Quantitative models for predicting adsorption of oxytetracycline, ciprofloxacin and sulfamerazine to swine manures with contrasting properties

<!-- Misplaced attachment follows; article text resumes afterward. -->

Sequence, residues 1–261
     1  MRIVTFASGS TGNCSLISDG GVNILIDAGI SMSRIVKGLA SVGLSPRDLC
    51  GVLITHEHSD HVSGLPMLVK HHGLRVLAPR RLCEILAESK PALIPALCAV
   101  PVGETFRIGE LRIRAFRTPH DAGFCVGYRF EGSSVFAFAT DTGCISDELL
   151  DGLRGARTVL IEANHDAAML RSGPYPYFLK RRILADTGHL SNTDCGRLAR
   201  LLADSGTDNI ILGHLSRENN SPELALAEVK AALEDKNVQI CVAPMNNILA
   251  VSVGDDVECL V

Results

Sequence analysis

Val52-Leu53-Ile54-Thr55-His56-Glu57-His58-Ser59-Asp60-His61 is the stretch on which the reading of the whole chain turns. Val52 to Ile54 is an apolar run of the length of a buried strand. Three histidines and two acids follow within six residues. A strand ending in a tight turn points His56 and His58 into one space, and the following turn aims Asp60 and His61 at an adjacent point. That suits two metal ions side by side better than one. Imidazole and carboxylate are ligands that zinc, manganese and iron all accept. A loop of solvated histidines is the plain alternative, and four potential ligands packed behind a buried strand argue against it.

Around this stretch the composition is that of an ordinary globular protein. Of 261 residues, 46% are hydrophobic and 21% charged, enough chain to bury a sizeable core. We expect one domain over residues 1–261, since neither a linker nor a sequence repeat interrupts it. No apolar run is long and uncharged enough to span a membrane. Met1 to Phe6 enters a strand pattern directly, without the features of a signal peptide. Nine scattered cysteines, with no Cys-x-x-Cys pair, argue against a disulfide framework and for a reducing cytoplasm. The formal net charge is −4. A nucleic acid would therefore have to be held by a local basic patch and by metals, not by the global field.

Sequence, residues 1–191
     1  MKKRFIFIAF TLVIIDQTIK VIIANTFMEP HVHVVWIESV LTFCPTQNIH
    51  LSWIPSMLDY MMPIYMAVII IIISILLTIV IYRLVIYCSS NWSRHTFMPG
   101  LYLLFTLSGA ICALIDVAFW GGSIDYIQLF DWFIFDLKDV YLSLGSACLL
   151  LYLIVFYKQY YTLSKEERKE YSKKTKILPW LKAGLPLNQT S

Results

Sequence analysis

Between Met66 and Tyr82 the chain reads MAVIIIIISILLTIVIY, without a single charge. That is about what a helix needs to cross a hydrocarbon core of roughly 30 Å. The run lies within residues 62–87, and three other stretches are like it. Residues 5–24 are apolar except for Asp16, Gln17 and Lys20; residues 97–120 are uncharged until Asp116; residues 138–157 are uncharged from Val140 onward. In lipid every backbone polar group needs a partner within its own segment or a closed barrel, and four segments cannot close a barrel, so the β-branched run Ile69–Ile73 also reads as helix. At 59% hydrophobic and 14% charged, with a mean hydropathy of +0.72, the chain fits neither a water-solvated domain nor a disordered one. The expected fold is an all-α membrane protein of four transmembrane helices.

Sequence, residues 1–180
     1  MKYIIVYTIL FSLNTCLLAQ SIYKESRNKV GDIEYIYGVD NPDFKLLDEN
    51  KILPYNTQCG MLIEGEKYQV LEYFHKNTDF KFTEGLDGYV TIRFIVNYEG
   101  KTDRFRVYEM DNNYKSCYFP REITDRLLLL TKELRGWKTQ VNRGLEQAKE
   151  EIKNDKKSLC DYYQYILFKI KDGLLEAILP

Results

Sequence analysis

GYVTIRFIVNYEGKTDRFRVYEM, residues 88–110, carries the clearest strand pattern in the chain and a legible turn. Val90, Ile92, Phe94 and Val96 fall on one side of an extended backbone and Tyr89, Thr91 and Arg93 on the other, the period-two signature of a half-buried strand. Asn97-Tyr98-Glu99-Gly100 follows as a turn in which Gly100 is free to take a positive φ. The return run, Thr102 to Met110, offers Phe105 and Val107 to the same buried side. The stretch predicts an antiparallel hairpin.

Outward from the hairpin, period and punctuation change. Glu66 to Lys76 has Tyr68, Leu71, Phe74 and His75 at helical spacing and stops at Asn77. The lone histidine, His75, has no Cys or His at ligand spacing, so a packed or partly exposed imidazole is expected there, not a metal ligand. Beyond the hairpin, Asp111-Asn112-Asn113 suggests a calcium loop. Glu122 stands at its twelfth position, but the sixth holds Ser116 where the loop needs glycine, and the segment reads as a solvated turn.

Understanding antibiotic adsorption in livestock manures is crucial to assess the fate and risk of antibiotics in the environment. In this study, three quantitative models developed with swine manure-water distribution coefficients (LgKd) for oxytetracycline (OTC), ciprofloxacin (CIP) and sulfamerazine (SM1) in swine manures. Physicochemical parameters (n = 12) of the swine manure were used as independent variables using partial least-squares (PLSs) analysis. The cumulative cross-validated regression coefficients (Q2cum) values, standard deviations (SDs) and external validation coefficient (Q2ext) ranged from 0.761 to 0.868, 0.027 to 0.064, and 0.743 to 0.827 for the three models; as such, internal and external predictability of the models were strong. The pH, soluble organic carbon (SOC) and nitrogen (SON), and Ca were important explanatory variables for the OTC-Model, pH, SOC, and SON for the CIP-model, and pH, total organic nitrogen (TON), and SOC for the SM1-model. The high VIPs (variable importance in the projections) of pH (1.178–1.396), SOC (0.968–1.034), and SON (0.822 and 0.865) established these physicochemical parameters as likely being dominant (associatively) in affecting transport of antibiotics in swine manures.